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There are at least two problems, audio output problems, "ic" to the laser pickup assembly none functional. From the description you would be further ahead replacing the Audio Shelf System rather than spending money on repairing it.
In reference to the question - " what does cera and mag on the back of the mixer mean? " these jacks are for the input of phonograph record cartridge signals. Phonograph cartridges are of two types - 1. "Cera"mic (ceramic) cartridges generate their signal using a ceramic crystal which provides almost 1/2 a volt of current. 2. "Mag"netic (magnetic) cartridges generate a more accurate signal than a ceramic cartridge but the magnetic cartridge generates its signal using a moving-magnet mechanism (rather than a ceramic crystal) and the magnetic cartridge generates much less current than a ceramic cartridge, so its signal needs a lot more amplification than a ceramic crystal's output. So the two jacks on the back of the mixer provide different levels of amplification for the phono cartridges, less amplification for a ceramic cartridge and more amplification for a magnetic cartridge. Since few people play phonograph records any more it is understandable that the public has little knowledge of the differences between ceramic and magnetic cartridges. But each have their own benefits and usually ceramic cartridges are cheaper than magnetic cartridges simply because it takes a lot more sophisticated manufacturing technology to make a magnetic cartridge, though magnetics are usually preferred over ceramics because of their more accurate generation of a signal from the wiggling groove in a phonograph record. But for those who can hear, the complete sound signal from a phonograph record is much preferred over the dead and dry sampled sound from a digital CD. And the old 1/4" reel-to-reel tape recordings are the highest sound quality of all because they are direct copies of the original magnetic tape masters with no digitizing at all. The fullness of their sound is astounding compared to any digitized signal.. A mag input is down at the mic level. A ceramic input is almost up at the line level.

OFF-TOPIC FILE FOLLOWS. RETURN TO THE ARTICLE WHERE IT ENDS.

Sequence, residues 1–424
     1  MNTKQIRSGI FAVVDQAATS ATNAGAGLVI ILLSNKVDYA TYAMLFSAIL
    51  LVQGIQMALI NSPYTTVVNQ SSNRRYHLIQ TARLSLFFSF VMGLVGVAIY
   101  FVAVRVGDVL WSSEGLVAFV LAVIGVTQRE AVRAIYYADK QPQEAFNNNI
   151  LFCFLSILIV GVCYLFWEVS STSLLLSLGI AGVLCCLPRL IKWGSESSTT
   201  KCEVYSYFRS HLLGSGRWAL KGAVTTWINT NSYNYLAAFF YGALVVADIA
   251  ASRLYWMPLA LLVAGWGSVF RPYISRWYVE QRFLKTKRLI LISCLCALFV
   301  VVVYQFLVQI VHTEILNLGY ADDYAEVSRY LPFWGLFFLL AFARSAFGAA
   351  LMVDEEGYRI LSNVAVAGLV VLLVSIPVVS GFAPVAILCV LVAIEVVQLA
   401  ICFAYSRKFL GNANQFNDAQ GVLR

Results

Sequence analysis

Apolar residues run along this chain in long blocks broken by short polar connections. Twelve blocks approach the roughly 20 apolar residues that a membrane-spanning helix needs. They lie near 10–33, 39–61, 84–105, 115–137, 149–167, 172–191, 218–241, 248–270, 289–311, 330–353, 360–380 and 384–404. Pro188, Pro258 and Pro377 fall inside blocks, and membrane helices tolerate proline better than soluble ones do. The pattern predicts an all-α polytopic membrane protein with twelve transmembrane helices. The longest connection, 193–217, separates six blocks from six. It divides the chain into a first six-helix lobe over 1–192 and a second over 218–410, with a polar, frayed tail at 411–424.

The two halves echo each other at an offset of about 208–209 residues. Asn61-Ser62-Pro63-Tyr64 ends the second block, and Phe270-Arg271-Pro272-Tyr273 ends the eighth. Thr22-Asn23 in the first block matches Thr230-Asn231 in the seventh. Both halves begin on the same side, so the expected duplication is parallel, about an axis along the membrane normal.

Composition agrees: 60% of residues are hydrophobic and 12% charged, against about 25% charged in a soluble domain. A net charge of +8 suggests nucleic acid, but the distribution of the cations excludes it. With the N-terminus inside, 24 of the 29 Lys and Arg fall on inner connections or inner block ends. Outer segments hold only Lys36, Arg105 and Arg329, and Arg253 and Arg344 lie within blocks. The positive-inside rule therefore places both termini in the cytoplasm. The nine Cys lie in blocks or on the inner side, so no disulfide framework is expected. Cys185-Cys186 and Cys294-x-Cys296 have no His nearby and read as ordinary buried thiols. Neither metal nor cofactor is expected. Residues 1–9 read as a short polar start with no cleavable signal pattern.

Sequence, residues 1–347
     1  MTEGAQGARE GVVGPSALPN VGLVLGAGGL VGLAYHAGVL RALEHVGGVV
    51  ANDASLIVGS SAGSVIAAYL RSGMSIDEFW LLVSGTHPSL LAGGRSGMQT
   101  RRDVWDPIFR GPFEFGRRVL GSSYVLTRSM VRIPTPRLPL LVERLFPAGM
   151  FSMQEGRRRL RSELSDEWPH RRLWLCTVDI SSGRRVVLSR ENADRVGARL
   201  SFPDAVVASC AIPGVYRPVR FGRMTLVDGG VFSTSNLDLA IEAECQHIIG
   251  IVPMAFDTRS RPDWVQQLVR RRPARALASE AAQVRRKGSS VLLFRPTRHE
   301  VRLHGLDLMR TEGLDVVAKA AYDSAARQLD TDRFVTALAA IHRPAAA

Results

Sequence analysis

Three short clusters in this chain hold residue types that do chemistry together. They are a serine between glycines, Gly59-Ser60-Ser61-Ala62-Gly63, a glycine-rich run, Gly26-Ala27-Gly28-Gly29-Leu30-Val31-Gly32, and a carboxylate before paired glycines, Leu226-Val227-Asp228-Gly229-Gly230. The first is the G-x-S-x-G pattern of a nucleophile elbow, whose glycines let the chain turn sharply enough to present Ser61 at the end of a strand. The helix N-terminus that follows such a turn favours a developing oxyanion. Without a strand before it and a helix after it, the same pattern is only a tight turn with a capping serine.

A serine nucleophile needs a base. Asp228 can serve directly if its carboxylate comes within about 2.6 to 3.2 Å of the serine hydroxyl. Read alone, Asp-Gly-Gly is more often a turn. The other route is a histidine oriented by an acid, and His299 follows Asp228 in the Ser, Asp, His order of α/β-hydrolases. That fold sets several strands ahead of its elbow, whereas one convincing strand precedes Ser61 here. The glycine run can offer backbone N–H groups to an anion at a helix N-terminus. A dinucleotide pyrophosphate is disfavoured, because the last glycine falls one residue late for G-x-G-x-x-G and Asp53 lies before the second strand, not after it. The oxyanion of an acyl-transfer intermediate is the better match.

Could be two separate faults. First a switch that does not make contact when you move the arm. Then dirt on the CD lens.
If you can hear sound from any other function it is unlikely to be an IC problem.
Sounds like an internal prob within the reciever, since recievers have radio tuners in em, maybe a prob in the input switching in it.
I assume you are running unbalanced rca cables out of the dvd player into the reciever as it probably doesn't have balanced input capability, unbalanced lines are susceptible to R.F.I. ( radio frequency interference ) but I doubt if that's the problem here unless maybe you are running very long cable lengths from the dvd player to the reciever.
Try using a different input and see if the problems still there, can use any input other than phonograph really as they are all line level inputs.
I am not really familar with this receiver but almost all phonograph must go into a phono in. Due to the fact that a phonograph does not have whats called a pre amplifier. generally the receivers have a phono in and that input has an more sensitive amplifier cicuit in the input. That is why if you plug it in to something else unless it has a preamplifier the sound will be real soft. I think Radio Shack sells a amplifier you plug the Phonograph into one side and the other side into the receiver then you can use any input you choose.